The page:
In the Report of the Committee of the Privy Council, dated May 1, , "New Holland" is used to designate the continent, but "Australia" is employed as including both the continent and Tasmania. But, important as was the work of the Dutch, and though the contributions made by French navigators possibly also by Spanish are of much consequence, it remains true that the broad outlines of the continent were laid down by Dampier, Cook and Flinders.

These are the principal names in the story. A map of Australia which left out the parts discovered by other sailors would be seriously defective in particular features; but a map which left out the parts discovered by these three Englishmen would gape out of all resemblance to the reality. Dampier died about the year ; nobody knows precisely when. Matthew Flinders came into the world in time to hear, as he may well have done as a boy, of the murder of his illustrious predecessor in The lad was then seven years of age, having been born on March 16th, His father, also named Matthew, was a surgeon practising his profession at Donington, Lincolnshire, where the boy was born.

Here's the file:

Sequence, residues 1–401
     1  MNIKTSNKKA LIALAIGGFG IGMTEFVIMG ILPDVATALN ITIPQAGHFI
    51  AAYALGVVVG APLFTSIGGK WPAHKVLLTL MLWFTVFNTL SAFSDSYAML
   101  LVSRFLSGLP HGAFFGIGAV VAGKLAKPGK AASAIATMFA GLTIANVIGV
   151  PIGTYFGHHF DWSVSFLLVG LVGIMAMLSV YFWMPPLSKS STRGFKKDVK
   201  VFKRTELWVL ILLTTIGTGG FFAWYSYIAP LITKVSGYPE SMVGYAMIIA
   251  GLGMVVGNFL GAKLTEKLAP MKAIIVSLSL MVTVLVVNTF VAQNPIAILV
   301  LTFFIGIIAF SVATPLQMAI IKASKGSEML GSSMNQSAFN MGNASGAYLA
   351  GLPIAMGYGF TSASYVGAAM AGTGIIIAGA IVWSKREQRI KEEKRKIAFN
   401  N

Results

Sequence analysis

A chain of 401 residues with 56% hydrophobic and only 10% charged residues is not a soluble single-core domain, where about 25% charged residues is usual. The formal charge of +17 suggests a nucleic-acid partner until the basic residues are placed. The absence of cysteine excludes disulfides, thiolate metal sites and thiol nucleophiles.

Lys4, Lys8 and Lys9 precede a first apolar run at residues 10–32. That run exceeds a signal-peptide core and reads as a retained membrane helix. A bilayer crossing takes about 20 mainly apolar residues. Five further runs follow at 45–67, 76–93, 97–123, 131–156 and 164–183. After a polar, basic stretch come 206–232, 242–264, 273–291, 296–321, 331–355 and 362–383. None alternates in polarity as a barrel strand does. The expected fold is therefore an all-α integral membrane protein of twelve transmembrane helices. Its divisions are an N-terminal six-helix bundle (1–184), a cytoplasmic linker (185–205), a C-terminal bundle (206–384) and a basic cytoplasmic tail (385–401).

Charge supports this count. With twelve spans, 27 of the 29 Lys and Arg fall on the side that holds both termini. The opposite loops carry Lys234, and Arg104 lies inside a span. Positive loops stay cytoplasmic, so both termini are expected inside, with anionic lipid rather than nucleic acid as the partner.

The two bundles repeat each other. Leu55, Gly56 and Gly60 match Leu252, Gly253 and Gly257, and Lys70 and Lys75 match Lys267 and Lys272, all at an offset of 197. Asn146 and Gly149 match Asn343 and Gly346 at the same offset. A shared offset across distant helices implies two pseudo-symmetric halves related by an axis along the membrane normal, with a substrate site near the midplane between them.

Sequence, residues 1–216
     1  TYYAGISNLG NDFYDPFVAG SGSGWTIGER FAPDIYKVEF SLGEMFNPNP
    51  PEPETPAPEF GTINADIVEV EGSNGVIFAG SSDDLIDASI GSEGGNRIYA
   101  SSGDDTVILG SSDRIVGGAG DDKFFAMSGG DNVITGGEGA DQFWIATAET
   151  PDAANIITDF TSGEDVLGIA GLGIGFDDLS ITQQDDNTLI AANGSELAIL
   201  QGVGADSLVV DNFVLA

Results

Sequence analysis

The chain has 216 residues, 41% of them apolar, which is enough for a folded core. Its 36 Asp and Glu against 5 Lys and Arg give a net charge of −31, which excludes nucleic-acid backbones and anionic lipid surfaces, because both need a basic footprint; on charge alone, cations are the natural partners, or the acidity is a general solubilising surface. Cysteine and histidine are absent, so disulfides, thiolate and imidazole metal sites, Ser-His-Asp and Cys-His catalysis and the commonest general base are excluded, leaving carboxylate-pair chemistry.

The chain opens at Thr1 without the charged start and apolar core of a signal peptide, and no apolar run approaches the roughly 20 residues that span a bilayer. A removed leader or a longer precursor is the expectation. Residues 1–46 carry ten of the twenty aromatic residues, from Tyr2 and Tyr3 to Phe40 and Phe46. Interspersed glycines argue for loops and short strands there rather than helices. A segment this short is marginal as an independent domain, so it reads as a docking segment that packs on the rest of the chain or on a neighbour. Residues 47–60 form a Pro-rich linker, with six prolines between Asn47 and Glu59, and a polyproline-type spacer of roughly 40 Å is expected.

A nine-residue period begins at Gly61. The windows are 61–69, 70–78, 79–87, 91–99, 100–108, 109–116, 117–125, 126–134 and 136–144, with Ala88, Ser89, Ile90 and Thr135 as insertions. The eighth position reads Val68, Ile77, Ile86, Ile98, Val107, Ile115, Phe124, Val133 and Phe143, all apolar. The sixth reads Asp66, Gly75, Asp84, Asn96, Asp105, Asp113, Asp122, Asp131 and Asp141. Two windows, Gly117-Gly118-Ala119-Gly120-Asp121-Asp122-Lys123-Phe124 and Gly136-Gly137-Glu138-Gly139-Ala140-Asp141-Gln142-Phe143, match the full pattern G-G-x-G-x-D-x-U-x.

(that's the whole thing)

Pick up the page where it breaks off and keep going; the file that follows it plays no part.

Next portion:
The Flinders family had been settled in the same town for several generations. Three in succession had been surgeons. The English middle-eastern counties received frequent large migrations of Flemings during several centuries. Sometimes calamities due to the harshness of nature, sometimes persecutions and wars, sometimes adverse economic conditions, impelled companies of people from the Low Countries to cross the North Sea and try to make homes for themselves in a land which, despite intervals of distraction, offered greater security and a better reward than did the place whence they came.